However, outside the corporate environment, we take a similar route in life, regardless of the job we finally end up doing. We cannot progress successfully to the next stage without acquiring the basic skills for the level at which we are at. It seems to me that I have learned from each step so far and, without consciously knowing it, I have used each distinct level to equip me for what is to come:

Infant – the first few years during which we progressively learn to see, to gauge distance and differentiate, to touch and hold, to balance, to walk, to talk, to appreciate that we are an individual (although most of us are convinced that the world revolves around us). I learned about the value of having people around me on whom I could rely. I learned that although I like blue Smarties there are others who prefer the orange ones.

Schoolchild – without the earlier learnings it would be impossible to benefit from being at school. School is not just a place for gaining the skills to read, write, present a lucid argument, to explain and anticipate an outcome; it is also where we first learn to be part of a group and how to interact with strangers. I was the leader of a popular gang. I was also at times ostracised and bullied. I learned how people interact with each other and how much most of us want to be loved.

Teenager – Like most of us, I experienced highs and lows of emotion as the hormones that controlled my moods raged through me. I begrudged the responsibility my parents tried to inflict upon me and I enjoyed “being an adult” with my friends. I grew to appreciate how insecure most of us are and hence how keen we are to be accepted and/or to make an impact. I learned to power of love and the dangers of infatuation.

Student – Being a student was the first time that I was responsible for me and the repercussions of my actions. It was also the first time that I found myself mixing with a truly diverse collection of people from all over the world. I began to appreciate the fact that a combination of knowledge and skills can produce a better answer or result – I was a member of a pub quiz team that was invincible, because each of us were specialists and our combined strength was much more powerful than each person competing on their own.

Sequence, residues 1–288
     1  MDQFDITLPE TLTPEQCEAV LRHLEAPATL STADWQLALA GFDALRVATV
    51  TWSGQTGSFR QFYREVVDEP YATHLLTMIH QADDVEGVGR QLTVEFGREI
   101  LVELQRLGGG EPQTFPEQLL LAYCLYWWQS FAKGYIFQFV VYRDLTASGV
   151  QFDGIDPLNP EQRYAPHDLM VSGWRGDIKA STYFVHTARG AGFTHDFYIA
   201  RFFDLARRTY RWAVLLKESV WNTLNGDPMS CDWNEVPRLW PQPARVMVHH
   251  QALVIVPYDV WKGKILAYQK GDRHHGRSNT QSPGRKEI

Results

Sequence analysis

Worker – Amazing, people wanted to pay me to contribute towards the success of their business! However, I had to learn to comply with rules and regulations, even if I did not agree with them. I learned that success is founded on much more than just academic results and that the solution for a problem can come from various routes. I learned that communication is often the biggest issue in an organisation or between people and that the lens through which you see things will impact your outlook and the way in which you articulate your point of view.

Partner – I learned that life is a balancing act and that there is more to life than work. I learned the meaning of commitment, trust and the joy of sharing things with a person you really care about. I also learned that at times a relationship can be hard and hurtful, but that, if it is important, it’s worth making an effort for others.